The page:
“The Greatest Escape” by Neil Churches (published by Macmillan)

The day an entire POW camp slipped away

Great, greater, greatest .... The film “The Great Escape” from 1963 immortalised the break-out by 76 Allied prisoners-of-war from the supposedly escape-proof Stalag Luft III camp in Germany in March 1944. But greater than great, apparently, was “The Greatest Escape”, the most successful POW getaway of the Second World War when 106 Allies were freed from Maribor camp in Yugoslavia in August 1944. This promises to be a good read.
25. March 2023 8:41

Neil Churches knew that his Dad Ralph had been in the army during the war but that was the extent of his knowledge.  As a 14-year-old living with the family in Sydney, Australia, in 1972, he finally learned that the Germans had captured his father in Greece. Ralph was a POW in a camp in Yugoslavia and, after harrowing times, he and six others escaped and came upon partisans in the woods. He persuaded them all to return with him and liberate his whole camp. Then, a real adventure began as they trekked cold and hungry for days through enemy territory to safety.

Neil Churches relates that the whole episode was bound by the Official Secrets Act, and Dad took seriously the orders not to talk about it – even to his family and even still in 1972. That was the year when one of the Yugoslav partisans, Čolo, now settled in Australia, tracked down his Dad in Sydney after a 25-year search, and the teenage Neil began to understand and learn.

The story came out in fits and starts. Now it made sense why Mum and Dad had taken a three-month trip to Greece, Yugoslavia, Germany, France and the UK the previous winter. Villagers in Greece, for instance, had helped Ralph evade capture by the Germans, and on their grand tour Mum and Dad threw thank-you parties in every Greek village that had sheltered him.

Neil’s parents returned to Yugoslavia for more parties in 1977, and in 1985 when SBS Television in Australia wanted to make a documentary about the escape story, negotiation between the television channel and the Australian Army gave Dad a special release to talk about his experiences. Later, Neil nagged Dad to write his story, resulting in the book “A Hundred Miles as the Crow Flies”, self-published in 1996.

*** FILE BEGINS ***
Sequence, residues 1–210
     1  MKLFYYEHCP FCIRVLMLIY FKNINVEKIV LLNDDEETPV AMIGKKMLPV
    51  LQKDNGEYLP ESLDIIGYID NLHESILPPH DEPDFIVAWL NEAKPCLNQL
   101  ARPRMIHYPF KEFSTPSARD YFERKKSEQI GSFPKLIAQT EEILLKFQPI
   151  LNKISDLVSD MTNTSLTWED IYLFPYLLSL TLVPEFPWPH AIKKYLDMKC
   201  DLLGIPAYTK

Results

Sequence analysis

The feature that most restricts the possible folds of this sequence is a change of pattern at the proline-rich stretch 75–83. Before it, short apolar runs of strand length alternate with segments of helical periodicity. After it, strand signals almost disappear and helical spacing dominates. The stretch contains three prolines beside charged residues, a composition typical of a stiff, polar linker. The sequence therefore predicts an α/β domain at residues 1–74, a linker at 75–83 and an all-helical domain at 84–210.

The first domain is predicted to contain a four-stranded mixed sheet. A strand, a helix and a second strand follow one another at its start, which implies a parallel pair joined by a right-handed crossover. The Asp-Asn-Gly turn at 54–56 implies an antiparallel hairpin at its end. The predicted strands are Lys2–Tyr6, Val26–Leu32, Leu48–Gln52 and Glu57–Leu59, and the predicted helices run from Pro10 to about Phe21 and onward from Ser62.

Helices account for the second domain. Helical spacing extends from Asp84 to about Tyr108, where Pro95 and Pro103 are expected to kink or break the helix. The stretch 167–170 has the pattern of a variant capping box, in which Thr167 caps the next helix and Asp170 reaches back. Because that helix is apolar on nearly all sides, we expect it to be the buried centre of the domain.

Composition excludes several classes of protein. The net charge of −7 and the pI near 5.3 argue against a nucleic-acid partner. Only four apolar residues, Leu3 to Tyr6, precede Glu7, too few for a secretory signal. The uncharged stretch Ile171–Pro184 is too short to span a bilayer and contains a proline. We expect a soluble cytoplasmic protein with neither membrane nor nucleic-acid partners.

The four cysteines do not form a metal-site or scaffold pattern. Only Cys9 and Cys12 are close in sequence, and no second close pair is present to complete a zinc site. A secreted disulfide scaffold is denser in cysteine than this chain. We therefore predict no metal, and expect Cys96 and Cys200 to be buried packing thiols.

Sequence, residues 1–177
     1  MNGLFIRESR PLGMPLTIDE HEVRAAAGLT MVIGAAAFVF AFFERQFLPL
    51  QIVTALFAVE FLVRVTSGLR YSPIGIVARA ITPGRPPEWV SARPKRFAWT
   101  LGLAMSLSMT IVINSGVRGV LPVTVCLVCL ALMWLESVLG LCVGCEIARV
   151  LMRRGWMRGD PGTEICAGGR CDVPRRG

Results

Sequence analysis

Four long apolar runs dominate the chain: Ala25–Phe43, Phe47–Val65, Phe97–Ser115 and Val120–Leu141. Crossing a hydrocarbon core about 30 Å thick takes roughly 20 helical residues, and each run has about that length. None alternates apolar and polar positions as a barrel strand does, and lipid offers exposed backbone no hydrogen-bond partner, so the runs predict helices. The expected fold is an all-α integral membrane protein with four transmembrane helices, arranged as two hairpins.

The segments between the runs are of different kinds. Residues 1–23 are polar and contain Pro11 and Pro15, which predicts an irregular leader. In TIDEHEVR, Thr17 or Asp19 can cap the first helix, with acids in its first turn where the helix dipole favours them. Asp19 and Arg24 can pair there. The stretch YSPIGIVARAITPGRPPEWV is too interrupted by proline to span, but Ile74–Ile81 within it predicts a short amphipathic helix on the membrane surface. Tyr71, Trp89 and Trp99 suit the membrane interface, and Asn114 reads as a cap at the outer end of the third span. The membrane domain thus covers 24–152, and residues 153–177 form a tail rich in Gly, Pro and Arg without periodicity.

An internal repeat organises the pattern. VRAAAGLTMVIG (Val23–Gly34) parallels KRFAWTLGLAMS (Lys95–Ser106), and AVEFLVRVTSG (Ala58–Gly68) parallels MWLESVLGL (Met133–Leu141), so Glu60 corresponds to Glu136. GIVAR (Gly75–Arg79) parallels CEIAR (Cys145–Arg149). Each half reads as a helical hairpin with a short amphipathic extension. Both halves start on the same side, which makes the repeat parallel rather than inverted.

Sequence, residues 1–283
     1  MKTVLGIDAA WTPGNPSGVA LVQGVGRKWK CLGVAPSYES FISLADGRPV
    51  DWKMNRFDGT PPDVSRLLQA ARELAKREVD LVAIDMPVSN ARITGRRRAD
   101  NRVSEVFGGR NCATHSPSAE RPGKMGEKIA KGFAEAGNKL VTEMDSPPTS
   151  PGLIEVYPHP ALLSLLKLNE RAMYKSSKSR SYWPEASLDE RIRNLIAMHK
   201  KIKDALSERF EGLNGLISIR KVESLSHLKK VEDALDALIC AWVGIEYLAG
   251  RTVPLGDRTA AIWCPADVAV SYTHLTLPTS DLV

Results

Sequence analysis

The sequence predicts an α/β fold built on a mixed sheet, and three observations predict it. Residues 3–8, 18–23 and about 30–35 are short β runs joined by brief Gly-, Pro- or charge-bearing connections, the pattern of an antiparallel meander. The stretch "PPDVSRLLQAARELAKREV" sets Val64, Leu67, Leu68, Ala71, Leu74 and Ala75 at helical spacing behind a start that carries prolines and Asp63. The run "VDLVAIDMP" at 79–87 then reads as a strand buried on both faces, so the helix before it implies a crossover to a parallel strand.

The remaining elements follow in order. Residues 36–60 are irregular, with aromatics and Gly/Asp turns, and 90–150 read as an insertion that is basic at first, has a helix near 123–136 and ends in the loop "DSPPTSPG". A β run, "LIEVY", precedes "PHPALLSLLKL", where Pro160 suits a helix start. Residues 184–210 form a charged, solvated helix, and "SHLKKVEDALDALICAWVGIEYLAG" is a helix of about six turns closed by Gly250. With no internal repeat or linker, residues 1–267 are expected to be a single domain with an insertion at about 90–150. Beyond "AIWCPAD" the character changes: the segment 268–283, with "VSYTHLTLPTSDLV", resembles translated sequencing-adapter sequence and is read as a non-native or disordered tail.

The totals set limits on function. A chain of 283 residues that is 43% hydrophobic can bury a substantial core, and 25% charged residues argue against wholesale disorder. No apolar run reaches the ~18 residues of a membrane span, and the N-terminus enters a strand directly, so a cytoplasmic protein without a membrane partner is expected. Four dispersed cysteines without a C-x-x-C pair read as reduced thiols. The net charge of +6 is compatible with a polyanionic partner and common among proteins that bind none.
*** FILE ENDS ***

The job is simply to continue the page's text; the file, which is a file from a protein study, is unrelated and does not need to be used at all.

Now, official records have opened a little and more of the story can be written, this time by the son. Research has been carried out at the UK National Archives and those of Slovenia, Australia and New Zealand., piecing together “evidence of a wild adventure” about how “a bloke from the Australian bush charmed his way out of prison, and then went back for his mates”.

Neil Churches with his book, and Private Ralph Churches – Photos supplied by Neil Churches

The tale starts with a fascinating glimpse of life in rural Australia where Ralph had a farming childhood, brought up in an area with a dusty collection of farms, tiny towns and remote churches. He yearned to “escape” and won a scholarship to Adelaide High School, then as a young man became a junior clerk at the State Bank of South Australia. By 1940 he was raging to those around him about the danger of Hitler and the Nazis, resulting in a mixture of idealism and peer pressure that saw him enlist.

Marching practice with broom handles for rifles in Adelaide Showgrounds progressed over a few months to bayonet practice in the local park then embarkation by ship in November 1940. Before leaving, he and his sweetheart, Ronte, quickly married. Startlingly, “During the nights, as they crossed the Arabian Sea, some unpleasant sergeants disappeared overboard.” As a very junior member of military intelligence he corrected maps in north Africa before joining some 58,000 troops being moved from Egypt to Greece, where the fight was against the Italians, and then, from April 1941, the Germans invaded too, smashing through 70,000 Greeks on the Bulgarian border.